Climate action with Eastie Farm’s Kannan Thiruvengadam

East Boston is a vibrant neighborhood with rich immigrant culture. Now, that history and opportunity are being threatened by climate change as sea levels rise, people move inland and housing costs go up. 

All three of East Boston’s new section eight affordable housing projects have been built in flood zones. “Right now,” said Boston-based climate activist Kannan Thiruvengadam, “[the residents] may not know that at some point, FEMA will require them to pay flood insurance. Will it still be affordable then?”

Kannan Thiruvengadam, who grew up a farmer’s son in India, is a Boston-based climate activist who has called East Boston home for 25 years. Thiruvengadam serves on a number of local, city and state-wide sustainability initiatives, from the Boston Conservation Commission to Climate Ready Boston to the New England Green New Deal Roundtable – to name a few.

At the forefront of his work is a commitment to making climate action both accessible and relevant. To do this, Thiruvengadam proposes solving the problems of today, particularly the problems faced by those most at-risk and who are often left out of the conversation.

“The right way to work on something like climate change, which for the most part people see as a problem of tomorrow,” he says, “is to engage with the problems that people suffer from today.”

Thiruvengadam is the founder and director of Eastie Farm, a small urban farm built on a vacant lot at 294 Sumner St. in East Boston. The community garden has helped combat climate change in small but powerful ways and has helped foster community resilience and secure food accessibility and justice. Though many of the initiatives born out of Eastie Farm may seem ultra-localized, that is exactly what makes them effective, says Thiruvengadam.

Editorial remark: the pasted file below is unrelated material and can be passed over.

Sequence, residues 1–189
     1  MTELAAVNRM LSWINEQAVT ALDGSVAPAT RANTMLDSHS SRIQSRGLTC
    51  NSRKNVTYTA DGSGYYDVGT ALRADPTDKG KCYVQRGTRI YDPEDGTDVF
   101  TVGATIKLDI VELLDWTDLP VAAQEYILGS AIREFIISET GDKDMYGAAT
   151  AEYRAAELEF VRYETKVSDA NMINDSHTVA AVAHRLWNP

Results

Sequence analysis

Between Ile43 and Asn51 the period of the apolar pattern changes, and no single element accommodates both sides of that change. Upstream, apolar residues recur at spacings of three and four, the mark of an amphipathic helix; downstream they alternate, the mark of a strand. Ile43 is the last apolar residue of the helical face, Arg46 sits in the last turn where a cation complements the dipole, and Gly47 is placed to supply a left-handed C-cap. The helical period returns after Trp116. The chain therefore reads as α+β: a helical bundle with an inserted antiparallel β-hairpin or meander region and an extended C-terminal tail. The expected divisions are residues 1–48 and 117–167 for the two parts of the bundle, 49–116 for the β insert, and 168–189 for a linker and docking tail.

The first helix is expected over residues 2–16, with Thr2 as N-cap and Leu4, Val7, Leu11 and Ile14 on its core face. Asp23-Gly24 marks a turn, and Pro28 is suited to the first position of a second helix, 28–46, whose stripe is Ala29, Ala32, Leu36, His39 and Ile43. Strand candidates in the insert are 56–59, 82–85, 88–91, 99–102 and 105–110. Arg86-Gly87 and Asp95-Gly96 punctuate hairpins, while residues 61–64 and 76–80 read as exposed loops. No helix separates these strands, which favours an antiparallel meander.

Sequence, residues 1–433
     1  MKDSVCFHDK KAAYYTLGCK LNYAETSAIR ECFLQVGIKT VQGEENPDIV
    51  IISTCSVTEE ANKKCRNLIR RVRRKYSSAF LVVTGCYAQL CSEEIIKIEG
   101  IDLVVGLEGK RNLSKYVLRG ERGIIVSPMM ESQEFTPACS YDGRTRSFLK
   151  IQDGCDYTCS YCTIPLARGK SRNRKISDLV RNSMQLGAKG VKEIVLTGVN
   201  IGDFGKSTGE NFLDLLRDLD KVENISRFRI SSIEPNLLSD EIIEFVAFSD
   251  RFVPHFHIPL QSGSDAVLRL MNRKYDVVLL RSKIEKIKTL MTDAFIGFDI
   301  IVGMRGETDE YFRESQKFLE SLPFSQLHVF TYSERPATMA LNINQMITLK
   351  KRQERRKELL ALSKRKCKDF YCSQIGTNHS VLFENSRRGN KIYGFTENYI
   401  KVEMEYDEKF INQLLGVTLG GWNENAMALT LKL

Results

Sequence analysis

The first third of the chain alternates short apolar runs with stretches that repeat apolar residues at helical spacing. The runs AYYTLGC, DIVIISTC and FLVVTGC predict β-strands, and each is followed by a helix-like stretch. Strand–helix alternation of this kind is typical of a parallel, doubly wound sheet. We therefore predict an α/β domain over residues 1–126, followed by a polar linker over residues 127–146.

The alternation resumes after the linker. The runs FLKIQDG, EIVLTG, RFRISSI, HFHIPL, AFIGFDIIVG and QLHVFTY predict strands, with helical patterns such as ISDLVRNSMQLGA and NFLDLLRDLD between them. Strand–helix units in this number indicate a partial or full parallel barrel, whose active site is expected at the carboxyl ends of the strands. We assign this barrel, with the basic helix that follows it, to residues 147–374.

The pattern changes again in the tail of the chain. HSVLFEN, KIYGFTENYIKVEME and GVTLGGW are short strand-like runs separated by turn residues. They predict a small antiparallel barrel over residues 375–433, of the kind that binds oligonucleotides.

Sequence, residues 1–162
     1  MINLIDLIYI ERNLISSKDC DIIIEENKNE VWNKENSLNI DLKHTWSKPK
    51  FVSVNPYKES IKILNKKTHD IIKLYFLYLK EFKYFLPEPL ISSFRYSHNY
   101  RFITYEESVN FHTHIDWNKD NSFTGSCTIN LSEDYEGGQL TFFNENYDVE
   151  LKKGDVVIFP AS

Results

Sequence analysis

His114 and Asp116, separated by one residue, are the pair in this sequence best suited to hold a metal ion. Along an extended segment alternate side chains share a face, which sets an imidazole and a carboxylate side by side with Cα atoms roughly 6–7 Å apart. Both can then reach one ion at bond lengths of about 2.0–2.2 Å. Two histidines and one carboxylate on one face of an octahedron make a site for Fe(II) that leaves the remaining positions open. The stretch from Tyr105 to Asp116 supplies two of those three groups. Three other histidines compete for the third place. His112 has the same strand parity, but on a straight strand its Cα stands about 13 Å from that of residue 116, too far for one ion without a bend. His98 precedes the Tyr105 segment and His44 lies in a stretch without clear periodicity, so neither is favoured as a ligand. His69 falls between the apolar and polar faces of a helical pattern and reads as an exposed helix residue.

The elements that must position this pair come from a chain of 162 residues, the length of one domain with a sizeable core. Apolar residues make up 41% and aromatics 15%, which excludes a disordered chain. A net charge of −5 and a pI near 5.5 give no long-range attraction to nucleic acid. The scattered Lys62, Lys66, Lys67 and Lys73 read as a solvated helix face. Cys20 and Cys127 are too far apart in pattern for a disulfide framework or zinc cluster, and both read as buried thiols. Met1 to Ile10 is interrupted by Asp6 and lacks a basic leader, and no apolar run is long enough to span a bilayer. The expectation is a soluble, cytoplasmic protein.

Looking forward, there is more to come from this climate and community leader. Eastie Farm is expanding, with a greenhouse being built at 6 Chelsea Terrace, East Boston. Construction began on Wednesday, Feb. 16. The greenhouse will open to the public on Sunday, March 20, for the spring equinox, and a May Day celebration will take place at the same location on Sunday, May 1.

All programs and events at Eastie Farm are kid-friendly and dedicated to the small awakenings that can happen when people break bread in nature with community members. Just last year, Thiruvengadam explained, there was a 3 year old who pulled a carrot out of the ground at Eastie Farm for the first time in her life. “She was shocked,” Thiruvengadam laughed, “to see that the carrot was attached to a plant and it was dirty.” She had eaten and enjoyed carrots many times before, but for the first time got to see where it came from. 

“That’s the kind of revelation you can have when you actually connect with earth that nourishes us all. So that’s the idea, to bring people to a space where you can breathe and enjoy the open space, which is hard to have in urban environments.”


To learn more about the issues confronting East Boston today, tune in to “What’s up Eastie?” – a Zumix radio show hosted by Thiruvengadam:

To learn more about Eastie Farm programs, CSA shares and opportunities, go to:



This video is a part of a climate justice series produced in Jody Santos’ course “Video News Reporting and Producing” at Northeastern University. Over the course of the semester, students will be producing news packages addressing climate and transit justice within Greater Boston.

Editor’s note: This was updated to reflect more information regarding Eastie Farm’s events.

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